The Nobel Peace Prize has been awarded to some truly inspiring heroes:  Mother Teresa, Martin Luther King Jr., Albert Schweitzer, His Holiness  the Dalai Lama, and Nelson Mandela, to name a few. To know not just the  crafted public face of these remarkable people but also to peer into  their innermost souls would be priceless. That is what Eric Utne has  done by publishing the love letters to his stepgrandmother Brenda Ueland  from Norway’s great explorer and humanitarian Fridtjof Nansen, who was  awarded the 1922 Nobel Prize and whose bold work with the League of  Nations and the Red Cross repatriated countless prisoners of war and  saved the lives of millions of international refugees.
The Norwegian statesman met Ueland, author of the best-selling If You Want to Write,  only in one flaming-hot weekend, when he was 67 and she was 37. The two  fell immediately in love and wrote letters across the ocean for a year  until his death. The charismatic Ueland once told Utne that she had  “three husbands and a hundred lovers”—but Nansen earned a special place.  “A letter from [Nansen] was the light of my days, and I have never in  my life felt just this way at any time… . And all the time, you  understand, it was a sort of dream love affair, a literary one.”
Nansen’s  letters to his extramarital lover show a powerful contrast to his  austere public persona. They are vulnerable, sensual, and startlingly  candid about his emotional isolation, his disgust with life and  politics, and his uncertainty and humility. He bares his inner self to  Ueland, who years later wrote in an essay: “Listening is a magnetic and  strange thing… . My attitude is: ‘Tell me more. This person is  showing me his soul… .Then he will be wonderfully alive.’ ”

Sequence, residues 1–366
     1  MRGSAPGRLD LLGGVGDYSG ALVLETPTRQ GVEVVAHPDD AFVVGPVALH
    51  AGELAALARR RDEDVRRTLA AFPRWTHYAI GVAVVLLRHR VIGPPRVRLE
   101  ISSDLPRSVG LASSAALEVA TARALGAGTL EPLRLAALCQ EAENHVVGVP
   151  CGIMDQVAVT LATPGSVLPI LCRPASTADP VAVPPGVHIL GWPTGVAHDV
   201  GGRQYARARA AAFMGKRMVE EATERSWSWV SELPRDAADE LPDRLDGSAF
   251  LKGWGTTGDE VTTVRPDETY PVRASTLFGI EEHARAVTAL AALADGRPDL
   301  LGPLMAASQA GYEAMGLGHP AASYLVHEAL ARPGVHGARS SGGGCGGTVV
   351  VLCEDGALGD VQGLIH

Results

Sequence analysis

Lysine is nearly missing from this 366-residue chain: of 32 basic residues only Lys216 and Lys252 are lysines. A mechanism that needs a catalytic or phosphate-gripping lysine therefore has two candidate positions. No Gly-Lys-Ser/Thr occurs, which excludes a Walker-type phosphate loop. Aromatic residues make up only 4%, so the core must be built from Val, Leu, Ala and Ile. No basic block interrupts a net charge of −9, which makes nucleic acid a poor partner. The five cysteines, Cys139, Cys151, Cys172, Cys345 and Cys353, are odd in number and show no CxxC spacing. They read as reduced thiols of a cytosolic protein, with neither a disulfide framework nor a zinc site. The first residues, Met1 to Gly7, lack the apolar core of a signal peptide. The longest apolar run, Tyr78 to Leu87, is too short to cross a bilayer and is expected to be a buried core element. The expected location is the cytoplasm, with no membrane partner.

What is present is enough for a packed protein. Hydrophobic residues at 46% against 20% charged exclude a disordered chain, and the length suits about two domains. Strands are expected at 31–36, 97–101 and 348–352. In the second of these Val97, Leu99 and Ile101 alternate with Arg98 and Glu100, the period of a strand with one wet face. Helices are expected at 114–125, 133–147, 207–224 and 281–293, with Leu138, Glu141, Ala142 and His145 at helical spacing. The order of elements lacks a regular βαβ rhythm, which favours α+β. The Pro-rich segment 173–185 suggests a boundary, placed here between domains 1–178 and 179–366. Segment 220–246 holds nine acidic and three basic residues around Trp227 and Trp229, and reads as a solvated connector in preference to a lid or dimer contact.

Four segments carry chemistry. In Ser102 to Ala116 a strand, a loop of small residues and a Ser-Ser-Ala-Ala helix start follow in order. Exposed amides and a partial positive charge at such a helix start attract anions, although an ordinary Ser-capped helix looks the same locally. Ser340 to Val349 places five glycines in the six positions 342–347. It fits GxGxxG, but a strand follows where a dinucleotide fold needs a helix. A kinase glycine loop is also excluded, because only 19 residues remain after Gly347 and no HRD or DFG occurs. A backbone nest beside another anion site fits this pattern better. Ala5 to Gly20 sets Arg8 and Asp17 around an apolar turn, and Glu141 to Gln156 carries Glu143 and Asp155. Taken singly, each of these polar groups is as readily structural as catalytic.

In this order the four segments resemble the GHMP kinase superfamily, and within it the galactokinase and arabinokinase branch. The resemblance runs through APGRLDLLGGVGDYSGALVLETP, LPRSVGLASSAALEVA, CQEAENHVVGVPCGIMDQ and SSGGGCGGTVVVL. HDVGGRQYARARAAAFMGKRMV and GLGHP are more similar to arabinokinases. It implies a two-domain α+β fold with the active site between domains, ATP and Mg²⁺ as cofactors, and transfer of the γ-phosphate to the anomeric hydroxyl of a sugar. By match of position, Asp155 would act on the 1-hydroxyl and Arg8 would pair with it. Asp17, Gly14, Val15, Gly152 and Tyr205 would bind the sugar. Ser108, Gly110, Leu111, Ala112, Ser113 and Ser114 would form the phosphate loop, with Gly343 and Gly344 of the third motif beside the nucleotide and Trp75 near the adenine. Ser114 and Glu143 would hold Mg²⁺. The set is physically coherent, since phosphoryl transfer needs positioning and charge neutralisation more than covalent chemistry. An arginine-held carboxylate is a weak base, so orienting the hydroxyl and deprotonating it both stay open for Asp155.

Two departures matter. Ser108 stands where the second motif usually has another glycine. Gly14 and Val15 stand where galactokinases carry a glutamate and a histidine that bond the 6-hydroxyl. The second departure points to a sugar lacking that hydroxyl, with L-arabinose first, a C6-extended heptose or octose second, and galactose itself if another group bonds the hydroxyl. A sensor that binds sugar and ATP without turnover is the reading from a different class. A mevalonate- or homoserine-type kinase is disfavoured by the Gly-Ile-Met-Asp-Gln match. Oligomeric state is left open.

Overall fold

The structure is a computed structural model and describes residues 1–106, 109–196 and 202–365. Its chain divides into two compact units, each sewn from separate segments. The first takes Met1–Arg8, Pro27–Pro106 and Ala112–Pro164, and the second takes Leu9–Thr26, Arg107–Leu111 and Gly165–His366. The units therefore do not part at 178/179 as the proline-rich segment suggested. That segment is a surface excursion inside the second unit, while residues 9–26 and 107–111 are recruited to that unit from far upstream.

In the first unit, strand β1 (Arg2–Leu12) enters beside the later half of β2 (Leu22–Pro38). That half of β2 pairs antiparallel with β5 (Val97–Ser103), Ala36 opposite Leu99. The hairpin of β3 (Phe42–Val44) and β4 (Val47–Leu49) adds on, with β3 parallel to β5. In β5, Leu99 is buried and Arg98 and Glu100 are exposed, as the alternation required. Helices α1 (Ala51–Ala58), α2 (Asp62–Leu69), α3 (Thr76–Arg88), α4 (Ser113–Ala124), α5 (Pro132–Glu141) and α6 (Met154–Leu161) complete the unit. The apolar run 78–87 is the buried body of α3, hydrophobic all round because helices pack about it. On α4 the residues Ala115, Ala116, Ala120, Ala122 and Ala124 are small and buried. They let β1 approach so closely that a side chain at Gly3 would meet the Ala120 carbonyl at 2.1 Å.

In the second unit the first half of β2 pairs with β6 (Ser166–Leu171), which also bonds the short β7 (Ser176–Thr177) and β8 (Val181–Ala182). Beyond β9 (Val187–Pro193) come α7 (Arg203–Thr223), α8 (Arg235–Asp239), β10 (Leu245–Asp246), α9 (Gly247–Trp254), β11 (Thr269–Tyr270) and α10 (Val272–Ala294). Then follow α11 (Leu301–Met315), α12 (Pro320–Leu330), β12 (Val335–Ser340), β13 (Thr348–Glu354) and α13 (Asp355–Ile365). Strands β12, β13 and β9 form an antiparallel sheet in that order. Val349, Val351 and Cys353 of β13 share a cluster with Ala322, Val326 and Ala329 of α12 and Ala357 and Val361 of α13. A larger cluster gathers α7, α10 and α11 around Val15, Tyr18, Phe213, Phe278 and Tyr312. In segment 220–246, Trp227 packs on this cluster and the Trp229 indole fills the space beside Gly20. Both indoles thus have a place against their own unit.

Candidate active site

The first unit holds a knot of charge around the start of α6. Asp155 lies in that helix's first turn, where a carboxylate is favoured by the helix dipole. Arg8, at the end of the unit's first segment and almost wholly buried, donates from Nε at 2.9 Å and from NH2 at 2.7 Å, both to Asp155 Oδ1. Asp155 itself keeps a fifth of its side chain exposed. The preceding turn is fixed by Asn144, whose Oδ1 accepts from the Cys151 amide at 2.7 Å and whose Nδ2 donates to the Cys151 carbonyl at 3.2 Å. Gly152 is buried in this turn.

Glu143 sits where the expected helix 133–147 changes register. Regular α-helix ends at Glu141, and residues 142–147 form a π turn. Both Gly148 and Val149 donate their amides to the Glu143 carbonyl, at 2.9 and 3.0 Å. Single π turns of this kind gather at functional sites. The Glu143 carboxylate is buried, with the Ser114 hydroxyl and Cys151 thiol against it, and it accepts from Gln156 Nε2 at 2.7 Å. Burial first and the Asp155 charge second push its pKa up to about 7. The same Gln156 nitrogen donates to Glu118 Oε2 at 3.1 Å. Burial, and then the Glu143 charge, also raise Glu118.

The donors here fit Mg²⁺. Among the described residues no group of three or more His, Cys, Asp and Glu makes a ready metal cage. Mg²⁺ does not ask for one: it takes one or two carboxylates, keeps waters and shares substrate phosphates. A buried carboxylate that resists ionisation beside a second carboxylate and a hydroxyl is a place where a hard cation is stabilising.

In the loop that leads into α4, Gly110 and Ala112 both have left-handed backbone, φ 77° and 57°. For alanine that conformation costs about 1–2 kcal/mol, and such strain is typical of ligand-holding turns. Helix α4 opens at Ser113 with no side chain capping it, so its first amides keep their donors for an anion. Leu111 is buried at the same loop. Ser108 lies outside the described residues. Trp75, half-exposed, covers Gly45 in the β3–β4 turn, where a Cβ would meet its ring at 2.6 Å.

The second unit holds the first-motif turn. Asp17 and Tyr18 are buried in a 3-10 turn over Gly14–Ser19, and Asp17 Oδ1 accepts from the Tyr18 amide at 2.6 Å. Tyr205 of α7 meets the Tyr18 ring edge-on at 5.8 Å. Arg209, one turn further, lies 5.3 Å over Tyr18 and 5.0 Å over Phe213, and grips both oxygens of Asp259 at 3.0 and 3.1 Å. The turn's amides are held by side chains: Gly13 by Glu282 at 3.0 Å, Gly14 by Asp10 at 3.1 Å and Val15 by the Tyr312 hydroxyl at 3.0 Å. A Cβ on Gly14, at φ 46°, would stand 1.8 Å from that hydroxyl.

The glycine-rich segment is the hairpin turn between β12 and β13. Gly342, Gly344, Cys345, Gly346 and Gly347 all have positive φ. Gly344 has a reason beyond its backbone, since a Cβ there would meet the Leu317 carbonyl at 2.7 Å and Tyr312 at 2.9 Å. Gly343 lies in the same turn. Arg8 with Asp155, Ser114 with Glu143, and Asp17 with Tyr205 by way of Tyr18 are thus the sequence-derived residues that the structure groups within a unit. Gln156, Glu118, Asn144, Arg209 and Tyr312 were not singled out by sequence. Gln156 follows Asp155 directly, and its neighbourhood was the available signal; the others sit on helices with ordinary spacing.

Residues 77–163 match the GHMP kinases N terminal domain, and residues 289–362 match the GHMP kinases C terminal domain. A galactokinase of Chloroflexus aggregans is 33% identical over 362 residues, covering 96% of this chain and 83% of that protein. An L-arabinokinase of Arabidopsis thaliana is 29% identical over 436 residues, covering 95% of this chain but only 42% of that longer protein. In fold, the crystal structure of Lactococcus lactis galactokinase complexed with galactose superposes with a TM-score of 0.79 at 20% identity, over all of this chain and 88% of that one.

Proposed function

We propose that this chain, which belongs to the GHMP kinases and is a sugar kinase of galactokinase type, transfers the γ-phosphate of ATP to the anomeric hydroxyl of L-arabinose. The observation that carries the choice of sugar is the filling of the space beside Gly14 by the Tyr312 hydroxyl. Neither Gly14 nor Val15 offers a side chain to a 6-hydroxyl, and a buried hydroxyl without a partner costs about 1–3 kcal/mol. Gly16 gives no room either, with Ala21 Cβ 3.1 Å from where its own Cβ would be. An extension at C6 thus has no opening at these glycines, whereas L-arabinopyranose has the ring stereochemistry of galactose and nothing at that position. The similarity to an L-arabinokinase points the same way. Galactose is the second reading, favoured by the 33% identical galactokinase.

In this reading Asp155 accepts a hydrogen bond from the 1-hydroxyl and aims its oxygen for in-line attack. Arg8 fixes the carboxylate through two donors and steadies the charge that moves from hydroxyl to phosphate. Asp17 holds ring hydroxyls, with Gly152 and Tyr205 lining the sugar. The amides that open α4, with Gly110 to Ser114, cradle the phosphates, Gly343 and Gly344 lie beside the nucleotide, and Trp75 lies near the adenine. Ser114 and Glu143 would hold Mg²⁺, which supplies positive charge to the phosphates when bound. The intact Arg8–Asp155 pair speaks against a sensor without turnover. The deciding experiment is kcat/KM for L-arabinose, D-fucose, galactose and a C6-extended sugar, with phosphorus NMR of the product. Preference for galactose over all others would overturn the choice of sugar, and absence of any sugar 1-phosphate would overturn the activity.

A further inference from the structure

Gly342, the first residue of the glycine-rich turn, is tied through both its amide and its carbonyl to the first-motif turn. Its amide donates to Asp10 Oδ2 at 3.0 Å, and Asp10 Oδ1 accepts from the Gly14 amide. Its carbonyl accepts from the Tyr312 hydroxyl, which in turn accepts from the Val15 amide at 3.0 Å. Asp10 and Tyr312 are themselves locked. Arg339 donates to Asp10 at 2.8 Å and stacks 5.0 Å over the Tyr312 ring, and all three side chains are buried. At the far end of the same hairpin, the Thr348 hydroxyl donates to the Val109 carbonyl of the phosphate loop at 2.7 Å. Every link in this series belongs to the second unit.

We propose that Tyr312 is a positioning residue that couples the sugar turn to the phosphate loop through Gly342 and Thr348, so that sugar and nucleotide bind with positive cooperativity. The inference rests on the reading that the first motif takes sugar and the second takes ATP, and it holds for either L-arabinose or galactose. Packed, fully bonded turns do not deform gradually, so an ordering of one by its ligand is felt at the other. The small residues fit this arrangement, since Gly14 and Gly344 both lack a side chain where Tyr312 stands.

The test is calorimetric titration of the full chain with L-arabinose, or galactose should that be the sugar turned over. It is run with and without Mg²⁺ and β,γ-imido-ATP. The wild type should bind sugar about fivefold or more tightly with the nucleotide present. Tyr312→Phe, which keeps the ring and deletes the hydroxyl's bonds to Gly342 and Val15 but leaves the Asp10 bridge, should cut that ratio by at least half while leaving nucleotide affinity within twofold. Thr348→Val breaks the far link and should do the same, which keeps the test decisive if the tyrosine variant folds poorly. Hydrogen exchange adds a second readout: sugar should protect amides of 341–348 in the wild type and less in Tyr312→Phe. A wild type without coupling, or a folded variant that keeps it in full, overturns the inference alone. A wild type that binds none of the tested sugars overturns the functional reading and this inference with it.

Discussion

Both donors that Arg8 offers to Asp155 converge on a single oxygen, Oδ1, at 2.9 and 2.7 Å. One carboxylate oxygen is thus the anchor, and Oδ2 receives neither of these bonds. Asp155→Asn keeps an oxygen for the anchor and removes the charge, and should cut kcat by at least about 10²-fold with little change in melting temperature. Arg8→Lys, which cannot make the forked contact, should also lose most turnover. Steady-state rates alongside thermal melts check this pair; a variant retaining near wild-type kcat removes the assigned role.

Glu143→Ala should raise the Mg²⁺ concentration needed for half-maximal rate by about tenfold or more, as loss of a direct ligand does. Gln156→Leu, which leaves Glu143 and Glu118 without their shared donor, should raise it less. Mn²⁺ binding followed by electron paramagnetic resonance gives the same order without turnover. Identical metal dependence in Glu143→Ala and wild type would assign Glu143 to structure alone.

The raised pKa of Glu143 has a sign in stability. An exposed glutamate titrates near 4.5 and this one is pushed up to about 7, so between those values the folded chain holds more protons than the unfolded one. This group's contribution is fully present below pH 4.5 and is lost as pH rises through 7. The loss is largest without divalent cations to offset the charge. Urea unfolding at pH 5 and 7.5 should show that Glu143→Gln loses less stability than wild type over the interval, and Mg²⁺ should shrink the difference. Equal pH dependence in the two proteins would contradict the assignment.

Read some of Nansen’s letters to Brenda Ueland …

The Nobel Peace Prize has been awarded to some truly inspiring heroes: Mother Teresa, Martin Luther King Jr., Albert Schweitzer, His Holiness the Dalai Lama, and Nelson Mandela, to name a few. To know not just the crafted public face of these remarkable people but also to peer into their innermost souls would be priceless. That is what Eric Utne has done by publishing the love letters to his stepgrandmother Brenda Ueland from Norway’s great explorer and humanitarian Fridtjof Nansen, who was awarded the 1922 Nobel Prize and whose bold work with the League of Nations and the Red Cross repatriated countless prisoners of war and saved the lives of millions of international refugees.

The Norwegian statesman met Ueland, author of the best-selling If You Want to Write, only in one flaming-hot weekend, when he was 67 and she was 37. The two fell immediately in love and wrote letters across the ocean for a year until his death. The charismatic Ueland once told Utne that she had “three husbands and a hundred lovers”—but Nansen earned a special place. “A letter from [Nansen] was the light of my days, and I have never in my life felt just this way at any time… . And all the time, you understand, it was a sort of dream love affair, a literary one.”

Nansen’s letters to his extramarital lover show a powerful contrast to his austere public persona. They are vulnerable, sensual, and startlingly candid about his emotional isolation, his disgust with life and politics, and his uncertainty and humility. He bares his inner self to Ueland, who years later wrote in an essay: “Listening is a magnetic and strange thing… . My attitude is: ‘Tell me more. This person is showing me his soul… .Then he will be wonderfully alive.’ ”

Read some of Nansen’s letters to Brenda Ueland …